Best 50 Accredited Direct-Entry Nurse Practitioner Programs

Top Direct-Entry Nurse Practitioner Degree Programs_2024 badge
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Ohio State University
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University of Cincinnati
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Yale University
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Vanderbilt University
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Marquette University
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Simmons University
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San Francisco State University
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Northeastern University
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University of Vermont
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MGH Institute of Health Professions
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Azusa Pacific University
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The University of Texas at Austin
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UMass Chan Medical School

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How we rank schools

This list features some of the best direct-entry nurse practitioner degree programs at top colleges nationwide. Each school featured is a nonprofit, accredited institution — either public or private — with a high standard of academic quality for postsecondary education.

We evaluated each school’s program on admission, retention, and graduation rates as well as tuition costs, faculty, reputation, and student resources. Then, we calculated the Intelligent Score on a scale of 0 to 100. Read more about our ranking methodology.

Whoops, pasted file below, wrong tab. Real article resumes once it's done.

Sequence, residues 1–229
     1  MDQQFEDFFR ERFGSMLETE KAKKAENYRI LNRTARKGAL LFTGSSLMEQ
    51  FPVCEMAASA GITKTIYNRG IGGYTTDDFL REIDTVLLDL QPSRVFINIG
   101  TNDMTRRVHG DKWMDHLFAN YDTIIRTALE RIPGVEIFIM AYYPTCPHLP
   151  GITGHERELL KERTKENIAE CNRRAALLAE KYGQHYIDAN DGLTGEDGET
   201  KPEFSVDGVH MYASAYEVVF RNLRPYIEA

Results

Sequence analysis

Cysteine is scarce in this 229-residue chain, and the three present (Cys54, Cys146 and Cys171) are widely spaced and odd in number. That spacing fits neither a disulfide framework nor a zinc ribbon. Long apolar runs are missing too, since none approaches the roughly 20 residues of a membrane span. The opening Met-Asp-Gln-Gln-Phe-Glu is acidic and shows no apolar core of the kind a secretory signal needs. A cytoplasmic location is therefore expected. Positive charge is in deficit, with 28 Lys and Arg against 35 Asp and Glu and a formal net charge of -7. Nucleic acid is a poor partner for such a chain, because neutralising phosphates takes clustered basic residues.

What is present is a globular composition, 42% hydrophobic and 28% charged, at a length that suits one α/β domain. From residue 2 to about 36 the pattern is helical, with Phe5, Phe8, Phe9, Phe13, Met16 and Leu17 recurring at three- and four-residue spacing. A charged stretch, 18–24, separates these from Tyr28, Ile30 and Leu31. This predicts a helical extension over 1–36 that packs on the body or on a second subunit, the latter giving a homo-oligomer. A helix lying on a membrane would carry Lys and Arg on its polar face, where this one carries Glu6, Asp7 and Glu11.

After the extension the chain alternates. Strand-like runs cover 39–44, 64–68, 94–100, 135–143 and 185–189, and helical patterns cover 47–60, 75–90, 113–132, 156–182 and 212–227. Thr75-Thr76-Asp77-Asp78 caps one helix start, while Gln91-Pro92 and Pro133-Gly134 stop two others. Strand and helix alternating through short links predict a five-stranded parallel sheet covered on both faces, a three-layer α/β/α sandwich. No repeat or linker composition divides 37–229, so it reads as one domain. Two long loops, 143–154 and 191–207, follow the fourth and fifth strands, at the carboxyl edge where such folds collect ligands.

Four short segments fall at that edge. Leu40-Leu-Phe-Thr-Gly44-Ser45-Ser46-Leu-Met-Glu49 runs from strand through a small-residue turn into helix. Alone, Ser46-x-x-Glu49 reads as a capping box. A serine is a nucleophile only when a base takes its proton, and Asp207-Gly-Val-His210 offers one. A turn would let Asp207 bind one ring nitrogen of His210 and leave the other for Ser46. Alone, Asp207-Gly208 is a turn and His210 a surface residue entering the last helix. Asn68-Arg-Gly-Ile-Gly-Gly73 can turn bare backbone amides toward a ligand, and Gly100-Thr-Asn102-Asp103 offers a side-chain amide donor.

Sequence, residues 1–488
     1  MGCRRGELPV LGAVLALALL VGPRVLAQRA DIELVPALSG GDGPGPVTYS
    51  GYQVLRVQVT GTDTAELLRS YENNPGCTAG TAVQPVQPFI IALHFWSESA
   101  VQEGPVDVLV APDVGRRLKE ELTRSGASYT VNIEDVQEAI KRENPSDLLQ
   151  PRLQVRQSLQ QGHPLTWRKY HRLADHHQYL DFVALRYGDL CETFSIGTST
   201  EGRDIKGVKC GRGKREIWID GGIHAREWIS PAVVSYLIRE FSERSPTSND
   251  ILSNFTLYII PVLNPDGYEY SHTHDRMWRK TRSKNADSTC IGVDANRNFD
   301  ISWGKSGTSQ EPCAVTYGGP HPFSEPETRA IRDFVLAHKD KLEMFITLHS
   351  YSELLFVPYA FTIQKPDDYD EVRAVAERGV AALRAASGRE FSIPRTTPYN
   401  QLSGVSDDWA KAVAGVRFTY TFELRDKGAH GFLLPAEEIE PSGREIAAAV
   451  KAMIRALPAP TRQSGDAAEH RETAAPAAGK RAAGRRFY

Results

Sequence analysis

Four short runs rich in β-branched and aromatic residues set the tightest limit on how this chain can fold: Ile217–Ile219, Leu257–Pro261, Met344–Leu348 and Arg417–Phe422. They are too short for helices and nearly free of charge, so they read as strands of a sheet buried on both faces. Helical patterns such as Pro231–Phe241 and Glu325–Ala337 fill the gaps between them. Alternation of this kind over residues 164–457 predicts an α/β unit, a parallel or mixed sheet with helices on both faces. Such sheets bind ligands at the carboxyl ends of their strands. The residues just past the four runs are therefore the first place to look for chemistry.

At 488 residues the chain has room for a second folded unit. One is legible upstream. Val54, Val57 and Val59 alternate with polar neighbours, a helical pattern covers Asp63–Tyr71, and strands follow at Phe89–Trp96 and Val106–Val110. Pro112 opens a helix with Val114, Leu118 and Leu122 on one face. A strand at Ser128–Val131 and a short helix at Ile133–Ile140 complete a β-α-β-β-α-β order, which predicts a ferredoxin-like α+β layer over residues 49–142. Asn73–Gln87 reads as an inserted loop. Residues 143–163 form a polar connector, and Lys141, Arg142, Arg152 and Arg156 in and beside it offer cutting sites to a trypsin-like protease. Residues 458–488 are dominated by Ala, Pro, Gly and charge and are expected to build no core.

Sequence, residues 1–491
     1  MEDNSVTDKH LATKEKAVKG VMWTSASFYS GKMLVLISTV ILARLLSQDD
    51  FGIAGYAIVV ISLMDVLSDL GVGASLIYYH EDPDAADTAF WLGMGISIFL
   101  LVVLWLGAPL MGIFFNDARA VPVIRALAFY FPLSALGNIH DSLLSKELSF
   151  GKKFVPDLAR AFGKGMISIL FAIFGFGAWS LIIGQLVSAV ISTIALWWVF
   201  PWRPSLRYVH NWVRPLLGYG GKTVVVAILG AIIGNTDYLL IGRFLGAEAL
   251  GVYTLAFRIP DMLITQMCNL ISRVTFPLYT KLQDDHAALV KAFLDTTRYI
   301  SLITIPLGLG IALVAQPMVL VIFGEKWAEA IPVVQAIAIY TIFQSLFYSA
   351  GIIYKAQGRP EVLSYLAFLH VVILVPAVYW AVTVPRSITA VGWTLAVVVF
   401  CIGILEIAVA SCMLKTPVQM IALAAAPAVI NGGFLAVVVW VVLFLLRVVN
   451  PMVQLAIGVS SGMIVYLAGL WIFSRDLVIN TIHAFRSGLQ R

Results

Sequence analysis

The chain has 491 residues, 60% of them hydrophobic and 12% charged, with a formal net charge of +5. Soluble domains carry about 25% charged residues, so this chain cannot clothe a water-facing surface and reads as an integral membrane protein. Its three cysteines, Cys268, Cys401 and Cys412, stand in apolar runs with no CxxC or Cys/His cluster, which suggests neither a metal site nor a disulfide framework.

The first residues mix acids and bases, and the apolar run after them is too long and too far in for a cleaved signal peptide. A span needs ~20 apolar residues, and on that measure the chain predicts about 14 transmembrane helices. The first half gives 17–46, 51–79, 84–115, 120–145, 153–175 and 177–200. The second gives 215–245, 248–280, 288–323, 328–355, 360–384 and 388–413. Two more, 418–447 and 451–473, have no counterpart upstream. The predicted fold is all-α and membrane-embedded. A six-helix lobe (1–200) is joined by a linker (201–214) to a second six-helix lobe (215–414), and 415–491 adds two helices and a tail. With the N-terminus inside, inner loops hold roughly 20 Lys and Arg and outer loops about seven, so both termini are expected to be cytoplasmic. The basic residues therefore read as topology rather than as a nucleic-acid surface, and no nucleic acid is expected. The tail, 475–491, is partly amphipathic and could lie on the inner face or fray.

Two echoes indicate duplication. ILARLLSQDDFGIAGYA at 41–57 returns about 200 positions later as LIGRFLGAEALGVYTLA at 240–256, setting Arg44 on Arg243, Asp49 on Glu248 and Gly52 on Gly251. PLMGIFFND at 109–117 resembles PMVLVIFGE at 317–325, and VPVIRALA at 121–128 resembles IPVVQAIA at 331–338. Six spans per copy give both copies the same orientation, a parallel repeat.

Next, we compared this comprehensive list of direct-entry nurse practitioner degree programs to a list of aggregated college rankings from reputable publications like U.S. News & World Report, among others, to simplify a student’s college search. We pored through these rankings so students don’t have to.

What Can You Expect From a Direct-Entry Nurse Practitioner Program?

A direct-entry nurse practitioner (NP) degree program is an excellent path for individuals with a bachelor’s degree in a non-nursing field who wish to enter the nursing profession at an advanced level. These programs take three to four years to complete, combining demanding coursework with hands-on training. As a student, you can expect to take advanced pathophysiology, pharmacology, health assessment, and primary care classes. Most curriculums also include courses on healthcare policy, ethics, and leadership.

While many programs offer the flexibility of online coursework, virtually all require in-person components. You’ll need to complete laboratory sessions and clinical rotations in healthcare settings to gain practical experience. These experiences teach you to diagnose and treat different health conditions, perform advanced medical procedures, and develop patient care plans.

Potential courses you’ll take in a direct-entry nurse practitioner program

  • Advanced Pathophysiology: In this fundamental course, students will explore disease mechanisms and how they affect the body. They’ll learn about cellular functions, systemic responses, and the physiological changes during illness, providing a foundation for understanding patient symptoms and conditions.
  • Pharmacology: A common core requirement, this course covers pharmacology, including drug actions, interactions, and side effects. Participants will learn how to safely and effectively prescribe medications, tailor treatments to individual patient needs, and stay updated on new drugs and therapies.